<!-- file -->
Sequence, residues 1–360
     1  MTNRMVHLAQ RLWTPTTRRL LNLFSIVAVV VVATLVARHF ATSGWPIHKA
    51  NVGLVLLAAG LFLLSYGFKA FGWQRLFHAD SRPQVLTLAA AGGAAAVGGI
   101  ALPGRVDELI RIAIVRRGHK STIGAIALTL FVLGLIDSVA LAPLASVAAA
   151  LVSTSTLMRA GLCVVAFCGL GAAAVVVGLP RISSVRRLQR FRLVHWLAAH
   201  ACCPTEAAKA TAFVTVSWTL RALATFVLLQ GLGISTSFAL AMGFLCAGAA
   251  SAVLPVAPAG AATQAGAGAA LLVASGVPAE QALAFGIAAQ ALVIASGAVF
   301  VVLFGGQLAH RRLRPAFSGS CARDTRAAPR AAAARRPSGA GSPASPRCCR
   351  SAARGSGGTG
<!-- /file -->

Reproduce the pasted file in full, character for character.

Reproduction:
Sequence, residues 1–360
     1  MTNRMVHLAQ RLWTPTTRRL LNLFSIVAVV VVATLVARHF ATSGWPIHKA
    51  NVGLVLLAAG LFLLSYGFKA FGWQRLFHAD SRPQVLTLAA AGGAAAVGGI
   101  ALPGRVDELI RIAIVRRGHK STIGAIALTL FVLGLIDSVA LAPLASVAAA
   151  LVSTSTLMRA GLCVVAFCGL GAAAVVVGLP RISSVRRLQR FRLVHWLAAH
   201  ACCPTEAAKA TAFVTVSWTL RALATFVLLQ GLGISTSFAL AMGFLCAGAA
   251  SAVLPVAPAG AATQAGAGAA LLVASGVPAE QALAFGIAAQ ALVIASGAVF
   301  VVLFGGQLAH RRLRPAFSGS CARDTRAAPR AAAARRPSGA GSPASPRCCR
   351  SAARGSGGTG